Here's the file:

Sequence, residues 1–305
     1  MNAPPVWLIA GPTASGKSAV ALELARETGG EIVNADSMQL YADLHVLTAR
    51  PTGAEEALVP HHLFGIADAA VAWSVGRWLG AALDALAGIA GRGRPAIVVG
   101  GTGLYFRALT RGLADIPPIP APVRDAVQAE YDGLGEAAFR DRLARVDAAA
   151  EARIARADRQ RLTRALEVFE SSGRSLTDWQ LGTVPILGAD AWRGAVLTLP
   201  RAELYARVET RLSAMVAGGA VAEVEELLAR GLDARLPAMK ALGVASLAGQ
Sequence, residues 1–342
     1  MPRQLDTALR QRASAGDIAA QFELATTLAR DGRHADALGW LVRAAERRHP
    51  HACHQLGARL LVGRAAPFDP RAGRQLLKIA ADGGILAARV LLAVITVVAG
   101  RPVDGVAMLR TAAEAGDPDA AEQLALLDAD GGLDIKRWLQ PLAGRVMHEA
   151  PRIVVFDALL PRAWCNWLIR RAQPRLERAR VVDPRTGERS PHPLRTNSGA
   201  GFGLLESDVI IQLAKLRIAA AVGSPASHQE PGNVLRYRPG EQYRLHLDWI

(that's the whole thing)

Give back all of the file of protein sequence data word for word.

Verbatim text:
Sequence, residues 1–305
     1  MNAPPVWLIA GPTASGKSAV ALELARETGG EIVNADSMQL YADLHVLTAR
    51  PTGAEEALVP HHLFGIADAA VAWSVGRWLG AALDALAGIA GRGRPAIVVG
   101  GTGLYFRALT RGLADIPPIP APVRDAVQAE YDGLGEAAFR DRLARVDAAA
   151  EARIARADRQ RLTRALEVFE SSGRSLTDWQ LGTVPILGAD AWRGAVLTLP
   201  RAELYARVET RLSAMVAGGA VAEVEELLAR GLDARLPAMK ALGVASLAGQ
Sequence, residues 1–342
     1  MPRQLDTALR QRASAGDIAA QFELATTLAR DGRHADALGW LVRAAERRHP
    51  HACHQLGARL LVGRAAPFDP RAGRQLLKIA ADGGILAARV LLAVITVVAG
   101  RPVDGVAMLR TAAEAGDPDA AEQLALLDAD GGLDIKRWLQ PLAGRVMHEA
   151  PRIVVFDALL PRAWCNWLIR RAQPRLERAR VVDPRTGERS PHPLRTNSGA
   201  GFGLLESDVI IQLAKLRIAA AVGSPASHQE PGNVLRYRPG EQYRLHLDWI